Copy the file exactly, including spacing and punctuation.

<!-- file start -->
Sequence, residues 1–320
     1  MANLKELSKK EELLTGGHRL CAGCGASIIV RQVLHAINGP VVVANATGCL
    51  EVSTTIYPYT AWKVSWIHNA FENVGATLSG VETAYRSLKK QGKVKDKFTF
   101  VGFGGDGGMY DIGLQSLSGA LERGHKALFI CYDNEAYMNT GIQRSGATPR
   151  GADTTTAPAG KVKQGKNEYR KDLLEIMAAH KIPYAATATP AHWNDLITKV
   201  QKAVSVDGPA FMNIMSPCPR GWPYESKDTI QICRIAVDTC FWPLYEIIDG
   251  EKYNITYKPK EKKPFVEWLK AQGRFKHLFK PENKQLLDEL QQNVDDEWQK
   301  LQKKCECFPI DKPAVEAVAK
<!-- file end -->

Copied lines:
Sequence, residues 1–320
     1  MANLKELSKK EELLTGGHRL CAGCGASIIV RQVLHAINGP VVVANATGCL
    51  EVSTTIYPYT AWKVSWIHNA FENVGATLSG VETAYRSLKK QGKVKDKFTF
   101  VGFGGDGGMY DIGLQSLSGA LERGHKALFI CYDNEAYMNT GIQRSGATPR
   151  GADTTTAPAG KVKQGKNEYR KDLLEIMAAH KIPYAATATP AHWNDLITKV
   201  QKAVSVDGPA FMNIMSPCPR GWPYESKDTI QICRIAVDTC FWPLYEIIDG
   251  EKYNITYKPK EKKPFVEWLK AQGRFKHLFK PENKQLLDEL QQNVDDEWQK
   301  LQKKCECFPI DKPAVEAVAK